Mr. Vermilyea thought the council should be generous in this matter and give the same as last year. Mr. Burns endorsed the remarks of Mr. Vermilyea. …  Mr. Walsh moved that the grant be the same this year as last, namely $3,000 per month, but to be increased at the June session if the disbursements exceed that amount. The motion was unanimously adopted.”

The Intelligencer January 25, 1918 (page 8)

“Khaki Club Re-Opens. The cozy quarters of the Khaki Club which in times past have been used with great appreciation by the soldiers quartered in Belleville are once again open and dispensing good cheer and comfort to the soldier boys stationed here who now number 247.

The Khaki Club was formally re-opened for the use of the soldiers for club rooms and recreation purposes on Wednesday evening with a concert and luncheon which was largely attended and very much enjoyed. …

The spacious club rooms nicely furnished have been turned over to the soldiers who take great pride in keeping the rooms spick and span and always ‘homey.’

Miss Sybil and Dorothy Grant, furnished the music for Wednesday evening, and the soldiers had a sing-song. …  Another feature of the evening was a very brief call by Capt. Harper, originator of the club, who has just returned from overseas severely wounded. He was heartily received and welcomed once more to the Khaki Club by the soldiers present. The officials of the Khaki Club served refreshments.”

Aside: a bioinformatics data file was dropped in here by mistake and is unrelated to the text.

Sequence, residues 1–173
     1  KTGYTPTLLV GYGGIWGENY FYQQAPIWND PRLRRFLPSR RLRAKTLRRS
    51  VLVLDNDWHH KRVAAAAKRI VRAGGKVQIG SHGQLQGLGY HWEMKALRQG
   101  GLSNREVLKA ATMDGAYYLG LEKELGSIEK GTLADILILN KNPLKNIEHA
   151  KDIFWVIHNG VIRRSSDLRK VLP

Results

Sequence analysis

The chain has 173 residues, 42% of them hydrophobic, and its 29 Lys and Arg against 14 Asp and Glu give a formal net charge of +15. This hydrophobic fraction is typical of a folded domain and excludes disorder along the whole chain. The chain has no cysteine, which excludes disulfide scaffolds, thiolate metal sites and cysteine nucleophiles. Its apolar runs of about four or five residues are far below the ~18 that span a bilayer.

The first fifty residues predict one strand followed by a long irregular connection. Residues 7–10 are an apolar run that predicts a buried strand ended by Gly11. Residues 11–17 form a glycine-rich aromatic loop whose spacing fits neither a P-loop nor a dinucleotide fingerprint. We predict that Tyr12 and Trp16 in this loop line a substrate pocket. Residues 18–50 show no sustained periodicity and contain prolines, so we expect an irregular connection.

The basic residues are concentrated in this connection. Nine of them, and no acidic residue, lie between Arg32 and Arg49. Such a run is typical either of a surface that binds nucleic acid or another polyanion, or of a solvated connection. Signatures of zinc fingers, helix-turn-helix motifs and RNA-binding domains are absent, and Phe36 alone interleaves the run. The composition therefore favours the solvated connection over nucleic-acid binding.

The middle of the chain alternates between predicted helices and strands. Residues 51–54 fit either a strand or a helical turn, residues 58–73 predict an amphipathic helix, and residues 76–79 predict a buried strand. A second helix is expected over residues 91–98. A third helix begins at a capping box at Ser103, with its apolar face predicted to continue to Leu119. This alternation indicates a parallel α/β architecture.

By | January 25th, 2018|Intelligencer WW1 Local News|0 Comments

100 Years Ago: Belleville Applies to Sell Fuel and Food, Letters of Sympathy to Private Hogan’s Aunt, Charles Brook Promoted

The Intelligencer January 23, 1918 (page 1)

“The application of Belleville City Council to sell fuel and food was granted by the Ontario Railway and Municipal Board at Toronto. The city was represented by Alderman Parks and Robinson, and City Controller Wills. The latter cited the price charge in Belleville for coal and gave his estimate of costs from which he argued that local dealers were taking too high a profit.

Alderman Robinson complained that the coal was of a very poor quality. Alderman Parks said that a few weeks ago he had been offered coal by Toronto jobbers but now it would be almost impossible to get. He anticipated no difficulty securing a supply for a civic coal yard during the summer months. The city had property upon which the necessary buildings could be erected. A city by-law authorized borrowing $25,000 for a fuel and food depot.